• Funny...

        If you think Apple is in the "talking" stage regarding the IoT era, you don't understand iBeacons. They been embedding their strategy for over two years now in over 100 million devices. Talking? More doing, actually.
        • Apple is still, mostly talking, since, in the auto industry, they're

          basically trying to catch up, and in most other areas of industry, they're also trying to catch up, and even in retail, where iBeacons is most relevant, it's not really catching on. Yeah, there are retailers, such as Macy's, which are using iBeacons to some extent, but, after the 2 years you mentioned, it's still very far from widespread or meaningful adoption.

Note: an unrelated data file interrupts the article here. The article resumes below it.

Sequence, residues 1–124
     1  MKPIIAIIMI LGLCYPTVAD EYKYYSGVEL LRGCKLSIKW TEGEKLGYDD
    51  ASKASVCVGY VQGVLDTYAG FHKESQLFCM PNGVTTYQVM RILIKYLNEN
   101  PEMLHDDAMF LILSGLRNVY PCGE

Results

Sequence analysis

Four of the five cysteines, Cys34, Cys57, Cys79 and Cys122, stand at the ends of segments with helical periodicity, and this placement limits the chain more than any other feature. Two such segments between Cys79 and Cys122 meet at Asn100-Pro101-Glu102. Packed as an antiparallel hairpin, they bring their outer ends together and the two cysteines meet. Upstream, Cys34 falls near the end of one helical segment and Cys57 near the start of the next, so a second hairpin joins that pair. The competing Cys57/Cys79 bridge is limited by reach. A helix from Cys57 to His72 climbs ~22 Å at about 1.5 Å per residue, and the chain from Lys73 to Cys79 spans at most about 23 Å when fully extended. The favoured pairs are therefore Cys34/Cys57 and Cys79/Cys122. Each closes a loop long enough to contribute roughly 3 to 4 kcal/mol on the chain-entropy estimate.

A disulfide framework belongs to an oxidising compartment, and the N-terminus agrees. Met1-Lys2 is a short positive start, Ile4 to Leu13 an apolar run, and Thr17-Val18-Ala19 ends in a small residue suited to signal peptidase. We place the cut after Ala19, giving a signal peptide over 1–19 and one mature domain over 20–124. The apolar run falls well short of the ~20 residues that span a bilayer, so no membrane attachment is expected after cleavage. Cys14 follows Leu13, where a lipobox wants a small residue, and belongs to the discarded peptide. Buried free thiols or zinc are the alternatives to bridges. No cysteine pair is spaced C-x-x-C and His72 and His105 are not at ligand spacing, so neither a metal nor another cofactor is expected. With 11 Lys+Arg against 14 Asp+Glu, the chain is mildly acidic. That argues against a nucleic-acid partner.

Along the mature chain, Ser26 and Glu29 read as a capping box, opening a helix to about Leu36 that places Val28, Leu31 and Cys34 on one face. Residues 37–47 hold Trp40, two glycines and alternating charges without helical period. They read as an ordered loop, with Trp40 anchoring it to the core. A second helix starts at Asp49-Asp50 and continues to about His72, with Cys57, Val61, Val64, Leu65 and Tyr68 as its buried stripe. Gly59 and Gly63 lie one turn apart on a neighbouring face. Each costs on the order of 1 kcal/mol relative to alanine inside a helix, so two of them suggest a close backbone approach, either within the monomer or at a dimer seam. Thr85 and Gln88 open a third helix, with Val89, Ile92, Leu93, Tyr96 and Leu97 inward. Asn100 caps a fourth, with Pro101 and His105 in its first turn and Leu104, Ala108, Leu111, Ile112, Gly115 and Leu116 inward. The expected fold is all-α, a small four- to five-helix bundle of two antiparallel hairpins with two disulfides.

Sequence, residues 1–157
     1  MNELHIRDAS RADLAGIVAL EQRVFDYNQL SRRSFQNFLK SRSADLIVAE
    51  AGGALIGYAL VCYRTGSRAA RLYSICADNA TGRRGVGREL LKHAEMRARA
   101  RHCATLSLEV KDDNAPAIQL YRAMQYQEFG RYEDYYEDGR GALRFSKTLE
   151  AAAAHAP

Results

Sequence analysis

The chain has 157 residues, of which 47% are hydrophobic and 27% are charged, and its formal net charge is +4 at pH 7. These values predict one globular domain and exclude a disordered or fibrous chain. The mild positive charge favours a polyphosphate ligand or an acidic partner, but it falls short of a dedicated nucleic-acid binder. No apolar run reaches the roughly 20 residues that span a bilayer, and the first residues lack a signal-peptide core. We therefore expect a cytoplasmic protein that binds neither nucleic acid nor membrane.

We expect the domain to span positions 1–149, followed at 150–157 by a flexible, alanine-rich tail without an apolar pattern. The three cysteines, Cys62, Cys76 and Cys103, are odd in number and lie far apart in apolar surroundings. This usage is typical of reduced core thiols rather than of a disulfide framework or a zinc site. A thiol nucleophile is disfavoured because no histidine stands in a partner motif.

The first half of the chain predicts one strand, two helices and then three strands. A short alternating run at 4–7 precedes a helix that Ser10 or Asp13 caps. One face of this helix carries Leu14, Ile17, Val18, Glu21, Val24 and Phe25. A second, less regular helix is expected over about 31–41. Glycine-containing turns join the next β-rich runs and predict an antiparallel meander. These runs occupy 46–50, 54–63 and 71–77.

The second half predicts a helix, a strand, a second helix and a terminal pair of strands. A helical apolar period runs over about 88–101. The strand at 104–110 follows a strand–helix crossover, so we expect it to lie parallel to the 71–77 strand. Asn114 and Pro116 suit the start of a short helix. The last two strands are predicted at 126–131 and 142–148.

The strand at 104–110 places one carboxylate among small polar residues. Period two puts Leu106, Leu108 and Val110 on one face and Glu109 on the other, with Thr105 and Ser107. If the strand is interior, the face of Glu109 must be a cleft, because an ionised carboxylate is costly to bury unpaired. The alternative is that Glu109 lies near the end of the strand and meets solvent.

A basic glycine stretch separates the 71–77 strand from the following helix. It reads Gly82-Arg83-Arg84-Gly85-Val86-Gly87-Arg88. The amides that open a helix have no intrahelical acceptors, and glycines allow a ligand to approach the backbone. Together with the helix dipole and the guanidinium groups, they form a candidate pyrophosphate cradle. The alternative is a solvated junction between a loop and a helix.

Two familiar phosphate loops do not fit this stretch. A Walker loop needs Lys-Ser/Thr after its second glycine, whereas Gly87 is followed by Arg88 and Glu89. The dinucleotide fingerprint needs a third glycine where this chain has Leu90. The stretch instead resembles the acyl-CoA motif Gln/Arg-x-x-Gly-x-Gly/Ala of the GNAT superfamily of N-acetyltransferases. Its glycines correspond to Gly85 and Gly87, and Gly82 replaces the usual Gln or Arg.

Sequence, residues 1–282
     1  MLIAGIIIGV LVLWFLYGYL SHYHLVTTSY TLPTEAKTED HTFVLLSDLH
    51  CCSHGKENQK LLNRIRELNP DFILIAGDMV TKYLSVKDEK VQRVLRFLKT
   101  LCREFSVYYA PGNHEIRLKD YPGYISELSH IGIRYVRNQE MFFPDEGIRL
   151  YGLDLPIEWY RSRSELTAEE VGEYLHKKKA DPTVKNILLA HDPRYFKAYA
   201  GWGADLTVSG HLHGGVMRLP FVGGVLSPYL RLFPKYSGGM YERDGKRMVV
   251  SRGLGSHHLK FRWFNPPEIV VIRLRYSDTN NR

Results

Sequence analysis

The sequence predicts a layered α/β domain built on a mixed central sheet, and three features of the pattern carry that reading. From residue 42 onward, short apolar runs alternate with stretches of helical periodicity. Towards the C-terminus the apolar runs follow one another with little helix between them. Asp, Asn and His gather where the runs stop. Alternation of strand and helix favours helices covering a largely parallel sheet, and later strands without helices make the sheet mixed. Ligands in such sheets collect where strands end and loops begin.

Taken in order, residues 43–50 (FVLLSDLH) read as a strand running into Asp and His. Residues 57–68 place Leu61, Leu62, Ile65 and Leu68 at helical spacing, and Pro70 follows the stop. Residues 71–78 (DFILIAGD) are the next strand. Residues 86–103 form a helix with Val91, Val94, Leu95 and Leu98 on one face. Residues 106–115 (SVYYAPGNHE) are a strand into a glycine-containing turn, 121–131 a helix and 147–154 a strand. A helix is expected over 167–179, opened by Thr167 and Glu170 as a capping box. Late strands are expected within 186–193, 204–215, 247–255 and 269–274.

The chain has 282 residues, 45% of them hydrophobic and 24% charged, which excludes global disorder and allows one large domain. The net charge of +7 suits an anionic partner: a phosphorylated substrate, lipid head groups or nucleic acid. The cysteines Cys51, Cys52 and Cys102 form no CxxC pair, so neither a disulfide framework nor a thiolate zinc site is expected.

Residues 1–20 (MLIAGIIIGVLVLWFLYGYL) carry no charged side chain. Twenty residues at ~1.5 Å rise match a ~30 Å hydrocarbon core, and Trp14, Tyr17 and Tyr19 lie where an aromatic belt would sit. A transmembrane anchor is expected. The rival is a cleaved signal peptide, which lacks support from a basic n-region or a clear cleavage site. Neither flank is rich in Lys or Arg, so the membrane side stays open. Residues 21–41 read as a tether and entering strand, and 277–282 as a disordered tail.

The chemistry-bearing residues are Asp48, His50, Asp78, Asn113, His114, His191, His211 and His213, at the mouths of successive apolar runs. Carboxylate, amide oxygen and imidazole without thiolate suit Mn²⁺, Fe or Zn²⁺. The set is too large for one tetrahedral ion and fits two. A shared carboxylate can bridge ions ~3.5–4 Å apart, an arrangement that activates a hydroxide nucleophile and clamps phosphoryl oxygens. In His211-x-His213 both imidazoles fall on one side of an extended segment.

Apple is still trailing in most areas of industry, and will be for a long time. Apple is, basically, a consumer gadget manufacturer, and most businesses look at them as such.
      • pecular...

        Linux has been spotted in microwaves, coffee brewers, thermostats, TVs, radios, point of sale, marquee displays ...

        You might look at

        for their list of 7 unusual places Linux has been seen.
        • If one examines that web page, one comes away feeling sorry for Linux,